Texas A&M University, ranked in the top tier of engineering schools in the United States, is impacting the global marketplace through its graduates. Spread across 2,000 hectares in College Station, Texas, the university invests nearly 570 million US dollars (380 million euros) in research, including support for NASA missions, the US Department of Energy, and the US Department of Defense.

After extensive collaboration, Texas A&M, SKF and DXP planted the seeds for the emerging lab project. To support the life of the lab, DXP donated a generous endowment gift to the Texas A&M Foundation. SKF contributed with condition monitoring equipment, including SKF Microlog AX and SKF Microlog GX advanced data collectors/FFT analyzers, software and training programmes. Two years after the first conversations between Golla and Hamlin, the state-of-the-art pump lab was built and running.

The pump lab’s fluid-transport curriculum was created for various levels of experience within the engineering school and for industry professionals interested in gaining more knowledge through continuing education. Participants are able to combine their experience and the latest application-technology skills in a hands-on learning environment where mistakes are less costly than in the real world of industry.

The first courses were offered during the summer of 2009. In lower-level courses, such as Pumps 101 and 102 (Mechanical Power Transmission), concepts and com-ponents are presented to students. As students advance into upper-level courses, such as Pumps 201 (Fluid Power Technology), loads are simulated in the lab, creating real-world industry problems. Combining theoretical training and practical application in the lab gives students an advantage in preparing for future industry jobs.

“We can teach the science and theory in the classroom and then give a test based on this information,” says Golla, “but what bridges the gap of a well-rounded education is the experience level.”

With the additionof SKF’s condition monitoring equipment, the Microlog AX and GX analyzers, course participants also gain experience in vibration monitoring and damage detection.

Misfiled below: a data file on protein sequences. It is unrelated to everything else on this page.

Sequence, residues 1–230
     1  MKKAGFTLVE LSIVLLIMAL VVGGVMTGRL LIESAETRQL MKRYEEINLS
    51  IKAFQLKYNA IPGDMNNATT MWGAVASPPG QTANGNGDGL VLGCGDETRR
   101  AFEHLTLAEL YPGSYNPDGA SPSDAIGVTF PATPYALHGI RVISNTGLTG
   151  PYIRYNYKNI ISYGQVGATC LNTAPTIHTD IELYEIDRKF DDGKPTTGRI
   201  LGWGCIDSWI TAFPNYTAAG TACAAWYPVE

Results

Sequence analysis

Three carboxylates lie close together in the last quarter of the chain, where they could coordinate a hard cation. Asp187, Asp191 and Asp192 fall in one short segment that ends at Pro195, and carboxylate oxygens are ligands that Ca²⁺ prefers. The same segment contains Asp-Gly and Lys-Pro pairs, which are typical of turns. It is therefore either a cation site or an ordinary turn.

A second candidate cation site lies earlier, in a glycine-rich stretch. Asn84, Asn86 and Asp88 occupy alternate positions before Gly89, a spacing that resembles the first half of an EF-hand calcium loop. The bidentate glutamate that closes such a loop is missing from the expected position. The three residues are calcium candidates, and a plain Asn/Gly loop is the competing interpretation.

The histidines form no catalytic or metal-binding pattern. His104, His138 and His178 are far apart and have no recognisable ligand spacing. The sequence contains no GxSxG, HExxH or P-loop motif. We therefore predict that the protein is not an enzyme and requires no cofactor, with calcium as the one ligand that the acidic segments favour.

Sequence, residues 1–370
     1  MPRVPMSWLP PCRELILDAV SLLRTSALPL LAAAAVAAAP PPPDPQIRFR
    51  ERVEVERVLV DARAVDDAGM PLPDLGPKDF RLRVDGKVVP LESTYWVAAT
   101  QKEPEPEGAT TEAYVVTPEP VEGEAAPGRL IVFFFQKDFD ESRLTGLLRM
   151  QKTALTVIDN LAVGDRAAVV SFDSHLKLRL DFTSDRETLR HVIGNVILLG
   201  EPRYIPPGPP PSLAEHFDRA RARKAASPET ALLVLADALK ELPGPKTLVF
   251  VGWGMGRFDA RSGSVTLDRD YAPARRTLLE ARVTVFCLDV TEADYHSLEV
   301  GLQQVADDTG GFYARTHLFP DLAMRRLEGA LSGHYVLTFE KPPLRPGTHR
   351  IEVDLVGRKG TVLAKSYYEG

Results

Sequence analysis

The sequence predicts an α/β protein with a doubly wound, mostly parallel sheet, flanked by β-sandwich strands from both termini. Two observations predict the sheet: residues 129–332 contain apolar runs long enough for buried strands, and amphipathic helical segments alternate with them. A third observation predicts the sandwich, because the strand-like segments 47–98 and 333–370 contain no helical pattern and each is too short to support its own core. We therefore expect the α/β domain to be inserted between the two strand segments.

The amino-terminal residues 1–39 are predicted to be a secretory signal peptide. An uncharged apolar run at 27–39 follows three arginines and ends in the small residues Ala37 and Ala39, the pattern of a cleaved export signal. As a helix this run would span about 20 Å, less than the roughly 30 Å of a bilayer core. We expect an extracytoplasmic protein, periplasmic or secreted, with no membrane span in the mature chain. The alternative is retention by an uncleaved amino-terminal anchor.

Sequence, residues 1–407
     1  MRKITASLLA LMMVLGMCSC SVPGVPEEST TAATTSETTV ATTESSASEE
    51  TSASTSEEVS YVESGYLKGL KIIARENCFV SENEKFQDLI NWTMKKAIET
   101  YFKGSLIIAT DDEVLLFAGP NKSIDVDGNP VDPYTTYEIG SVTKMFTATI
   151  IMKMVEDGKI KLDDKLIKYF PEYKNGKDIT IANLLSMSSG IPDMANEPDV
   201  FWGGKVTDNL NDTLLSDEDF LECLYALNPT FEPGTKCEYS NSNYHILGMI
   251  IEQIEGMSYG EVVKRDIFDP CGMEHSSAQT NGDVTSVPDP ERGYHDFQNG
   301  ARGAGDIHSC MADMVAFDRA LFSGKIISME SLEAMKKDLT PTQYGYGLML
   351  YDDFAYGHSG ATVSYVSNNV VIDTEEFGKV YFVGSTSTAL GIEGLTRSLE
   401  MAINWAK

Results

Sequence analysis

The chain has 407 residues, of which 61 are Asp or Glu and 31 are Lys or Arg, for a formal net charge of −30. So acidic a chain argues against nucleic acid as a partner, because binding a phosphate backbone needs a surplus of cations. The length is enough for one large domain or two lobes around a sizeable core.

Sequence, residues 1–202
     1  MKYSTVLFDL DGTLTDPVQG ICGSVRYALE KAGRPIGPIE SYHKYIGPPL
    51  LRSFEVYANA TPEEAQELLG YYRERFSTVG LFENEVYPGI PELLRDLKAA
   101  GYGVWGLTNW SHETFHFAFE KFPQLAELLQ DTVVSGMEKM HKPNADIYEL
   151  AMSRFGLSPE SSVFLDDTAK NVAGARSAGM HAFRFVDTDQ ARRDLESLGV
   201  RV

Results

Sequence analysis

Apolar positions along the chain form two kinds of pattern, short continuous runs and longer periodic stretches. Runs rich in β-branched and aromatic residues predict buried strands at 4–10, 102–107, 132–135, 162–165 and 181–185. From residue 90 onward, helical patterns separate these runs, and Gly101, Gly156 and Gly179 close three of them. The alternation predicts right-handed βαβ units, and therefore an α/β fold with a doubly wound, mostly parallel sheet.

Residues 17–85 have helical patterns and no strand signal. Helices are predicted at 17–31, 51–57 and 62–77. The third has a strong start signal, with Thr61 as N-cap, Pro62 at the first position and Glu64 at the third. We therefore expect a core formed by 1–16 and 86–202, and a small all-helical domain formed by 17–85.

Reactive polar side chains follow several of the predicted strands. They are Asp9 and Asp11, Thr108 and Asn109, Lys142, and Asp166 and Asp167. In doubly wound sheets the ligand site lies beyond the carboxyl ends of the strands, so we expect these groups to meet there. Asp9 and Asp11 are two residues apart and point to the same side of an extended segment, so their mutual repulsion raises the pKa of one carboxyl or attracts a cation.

“Bearings are the first recognizable problem point in the industrial setting,” says Golla. “Condition monitoring in the field is key to pinpointing those problems. We are closing the loop on the performance of bearings in industry by simulating real-world problems. We’ve moved from preventive maintenance to predictive and are now introducing proactive maintenance.”

“This is an excellent marriage of academia and the marketplace,” says Tom Light, SKF’s regional sales director. “We are proud to be involved in this project. From a leadership standpoint, we are contributing to both the current and future generation of industry leaders in engineering by equipping the world with SKF knowledge and training.”

In September 2009, Texas A&M’s DXP Pump Laboratory was honoured in an inauguration ceremony held on the university campus. Present at the ceremony were representatives from all of the contributing industry partners to the lab, including ITT-Goulds Pump, R&CW-Goulds Pump, Viking Pump, Wilden Pump and Engineering, SKF USA Inc. and EagleBurgmann.

For more information on courses offered through Texas A&M’s engineering programme, visit http://etidweb.tamu.edu/. For more information on continuing education courses offered through Texas A&M, visit http://readcenter.tamu.edu.


SKF contribution

SKF has donated condition monitoring equipment, software and training to the Texas A&M DXP Pump Laboratory. This donation included SKF Microlog AX and SKF Microlog GX data collectors/FFT analyzers, providing advanced vibration monitoring and measuring technology.

Students and industry experts are able to use SKF Microlog AX and SKF Microlog GX to measure vibration levels and detect damage in the equipment, applying classroom theory to real-world industry situations. Vibrations indicating misalignment and deterioration of motors, gearboxes, pumps and rolling bearings are recorded by the software.

This provides valuable information for the DXP Pump Laboratory, providing the first place in the world where students and industry experts can simulate industry pump problems in order to create long-term solutions in extending the life of equipment.